Actually, I don’t have twenty reasons to visit Port Townsend. I have but two: it’s a quaint town, it’s easy to get to, easy to stroll about and boasts several good little eateries. Sorry, that’s four. But at least I’m keeping you on your toes.
Port Townsend is a small seaside town on the north-east tip of the Olympic Peninsula in Washington State. The town, with around 10,000 inhabitants and many visitors, dates back to Victorian times, during which time it saw most of its development as one of the busiest ports on the Puget Sound.
Unfortunately, it never grew quite as expected, with the Washington railway system never making it that far north. As a result, it lost out to towns like Tacoma and Seattle, which continued to develop, while Port Townsend saw a steady decline.
Fortunately the military base at Fort Worden north of town and a paper mill, which was built south-west of town in the 1920s, kept the town ticking over. And then, from the 1970s more artistic types and retirees moved to town, people began restoring the Victorian buildings and the town saw a bit of a revival as a tourist destination. That’s why I went for the afternoon.
Take a walk with me, why don’t you?
(Click on images for bigger versions and short descriptions.)
The Jefferson County Courthouse was built in 1891 and the clocktower, which was meant to be 140 feet tall but ended up at slightly over 124 feet, was completed in 1892.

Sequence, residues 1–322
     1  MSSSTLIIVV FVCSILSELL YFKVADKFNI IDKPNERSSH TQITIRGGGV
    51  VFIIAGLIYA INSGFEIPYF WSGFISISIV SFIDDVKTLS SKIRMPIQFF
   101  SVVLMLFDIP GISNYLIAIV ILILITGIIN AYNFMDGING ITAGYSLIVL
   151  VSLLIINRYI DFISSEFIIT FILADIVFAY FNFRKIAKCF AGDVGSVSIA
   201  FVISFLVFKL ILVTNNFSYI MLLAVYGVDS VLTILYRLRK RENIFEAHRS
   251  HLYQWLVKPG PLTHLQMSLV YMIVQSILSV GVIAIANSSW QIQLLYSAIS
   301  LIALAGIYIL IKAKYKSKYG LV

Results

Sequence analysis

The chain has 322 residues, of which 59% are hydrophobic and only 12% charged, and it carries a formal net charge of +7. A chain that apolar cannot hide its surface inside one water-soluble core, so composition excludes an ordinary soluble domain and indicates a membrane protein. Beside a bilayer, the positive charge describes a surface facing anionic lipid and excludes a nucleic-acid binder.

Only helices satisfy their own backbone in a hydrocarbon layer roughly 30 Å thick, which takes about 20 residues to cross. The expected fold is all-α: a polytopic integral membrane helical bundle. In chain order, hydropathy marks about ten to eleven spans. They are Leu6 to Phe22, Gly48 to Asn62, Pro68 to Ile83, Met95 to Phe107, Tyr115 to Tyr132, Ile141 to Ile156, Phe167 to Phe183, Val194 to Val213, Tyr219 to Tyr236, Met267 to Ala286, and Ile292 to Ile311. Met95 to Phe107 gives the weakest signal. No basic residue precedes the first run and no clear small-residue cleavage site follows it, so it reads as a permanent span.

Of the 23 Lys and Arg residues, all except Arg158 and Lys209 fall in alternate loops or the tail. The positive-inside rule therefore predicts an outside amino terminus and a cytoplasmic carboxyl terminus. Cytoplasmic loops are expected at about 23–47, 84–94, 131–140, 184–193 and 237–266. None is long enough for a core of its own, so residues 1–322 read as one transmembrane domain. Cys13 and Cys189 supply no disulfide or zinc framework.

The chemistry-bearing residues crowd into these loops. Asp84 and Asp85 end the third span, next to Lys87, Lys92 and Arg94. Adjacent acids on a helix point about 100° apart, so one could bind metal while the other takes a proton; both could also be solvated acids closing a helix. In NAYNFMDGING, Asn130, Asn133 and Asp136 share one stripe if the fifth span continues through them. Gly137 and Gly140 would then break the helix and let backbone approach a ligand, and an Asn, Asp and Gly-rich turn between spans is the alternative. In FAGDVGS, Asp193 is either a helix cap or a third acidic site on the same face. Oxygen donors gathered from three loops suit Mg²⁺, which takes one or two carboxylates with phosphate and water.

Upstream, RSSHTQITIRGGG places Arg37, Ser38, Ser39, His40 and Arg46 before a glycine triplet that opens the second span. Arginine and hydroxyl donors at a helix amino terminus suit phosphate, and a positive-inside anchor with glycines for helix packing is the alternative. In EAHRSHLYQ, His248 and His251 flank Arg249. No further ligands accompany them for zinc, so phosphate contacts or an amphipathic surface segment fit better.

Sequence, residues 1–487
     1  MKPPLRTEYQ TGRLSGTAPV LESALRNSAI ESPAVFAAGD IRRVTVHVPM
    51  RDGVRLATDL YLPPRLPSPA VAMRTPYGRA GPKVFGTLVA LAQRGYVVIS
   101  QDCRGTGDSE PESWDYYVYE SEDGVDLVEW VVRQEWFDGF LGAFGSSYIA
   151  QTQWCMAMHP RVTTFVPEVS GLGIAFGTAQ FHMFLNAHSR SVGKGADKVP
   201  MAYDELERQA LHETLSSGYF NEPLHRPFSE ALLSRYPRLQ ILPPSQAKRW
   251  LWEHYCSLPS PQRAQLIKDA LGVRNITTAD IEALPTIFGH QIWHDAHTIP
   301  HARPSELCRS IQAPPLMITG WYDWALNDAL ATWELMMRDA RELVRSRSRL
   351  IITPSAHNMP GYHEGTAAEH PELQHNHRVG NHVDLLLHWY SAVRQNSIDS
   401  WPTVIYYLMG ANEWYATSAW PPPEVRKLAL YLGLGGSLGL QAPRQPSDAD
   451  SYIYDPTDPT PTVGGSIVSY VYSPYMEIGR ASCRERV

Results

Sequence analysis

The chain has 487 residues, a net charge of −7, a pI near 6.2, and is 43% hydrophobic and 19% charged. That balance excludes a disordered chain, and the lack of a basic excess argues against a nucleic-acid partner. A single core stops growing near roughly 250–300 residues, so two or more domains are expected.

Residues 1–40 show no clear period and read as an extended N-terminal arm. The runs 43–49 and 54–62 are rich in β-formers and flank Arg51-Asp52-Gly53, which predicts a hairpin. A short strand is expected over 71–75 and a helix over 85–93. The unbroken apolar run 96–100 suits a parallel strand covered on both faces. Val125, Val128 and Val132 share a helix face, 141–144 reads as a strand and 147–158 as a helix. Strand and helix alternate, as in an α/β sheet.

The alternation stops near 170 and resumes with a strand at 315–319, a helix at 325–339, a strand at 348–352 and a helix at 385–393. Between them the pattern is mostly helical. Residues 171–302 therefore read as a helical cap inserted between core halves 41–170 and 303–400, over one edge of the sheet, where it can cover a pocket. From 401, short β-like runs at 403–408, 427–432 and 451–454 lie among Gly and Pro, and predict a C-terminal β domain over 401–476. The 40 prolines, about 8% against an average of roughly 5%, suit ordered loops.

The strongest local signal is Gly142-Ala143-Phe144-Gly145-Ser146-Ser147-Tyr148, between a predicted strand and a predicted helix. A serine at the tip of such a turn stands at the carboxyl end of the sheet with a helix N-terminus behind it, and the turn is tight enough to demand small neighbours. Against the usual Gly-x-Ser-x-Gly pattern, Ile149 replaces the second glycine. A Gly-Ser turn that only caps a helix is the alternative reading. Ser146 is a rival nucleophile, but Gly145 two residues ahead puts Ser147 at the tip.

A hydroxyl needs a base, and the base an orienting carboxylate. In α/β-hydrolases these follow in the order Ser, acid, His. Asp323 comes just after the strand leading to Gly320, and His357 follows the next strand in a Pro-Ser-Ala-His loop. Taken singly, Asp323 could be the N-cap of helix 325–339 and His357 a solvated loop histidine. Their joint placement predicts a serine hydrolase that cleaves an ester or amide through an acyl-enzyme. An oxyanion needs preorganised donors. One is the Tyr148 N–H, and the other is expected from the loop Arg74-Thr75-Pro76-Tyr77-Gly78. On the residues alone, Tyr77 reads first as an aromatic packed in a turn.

I wonder why Miranda was so special? On the wall of the Uptown Theatre in Polk Street.
The Bell Tower on the bluff above downtown was used from 1890 to the 1940s to call volunteer firefighters.
The Haller Fountain and Galatea Statue, located at the base of the Taylor Street stairs, was ordered from a catalogue in 1905, and was presented to the city the following year. The statue was originally cast by the J. L. Mott Foundry in New York, which made plumbing fixtures.
The Hastings Building, on the corner of Water and Taylor streets, was completed in 1890.
Cute store, Water Street.
Looking west on Water Street downtown.
The entrance to a house in Clay Street uptown.
St. Paul’s Episcopal Church on the bluff overlooking downtown Port Townsend is the oldest church in town. It was built in 1862 and moved by its parishioners to its present position on rollers in 1882.
Ann Starrett House, in uptown Port Townsend, was built in 1889. Its tower includes a two-tier free-hung circular stairway, which is believed to be the last of its kind in America.
Commanding Officers’ Quarters, Fort Worden State Park.
“Tree of Heaven” mural in Polk Street downtown.
Looking west and walking south. Corner Water and Taylor Streets downtown.
Mural on the Hastings building, Taylor Street, downtown.
“Genuine Bull Durham” tobacco mural downtown.
The Rose Theatre building, Taylor Street, downtown.
Palace Hotel façade on Water Street downtown.
Another angle on the Hastings Building downtown taken from the Taylor Street steps leading uptown.
Looking north from the ferry towards the jetty leading off Taylor Street.
Point Wilson Lighthouse with Mount Baker in the background. The lighthouse in its current form was built in 1913 and fully automated in 1976.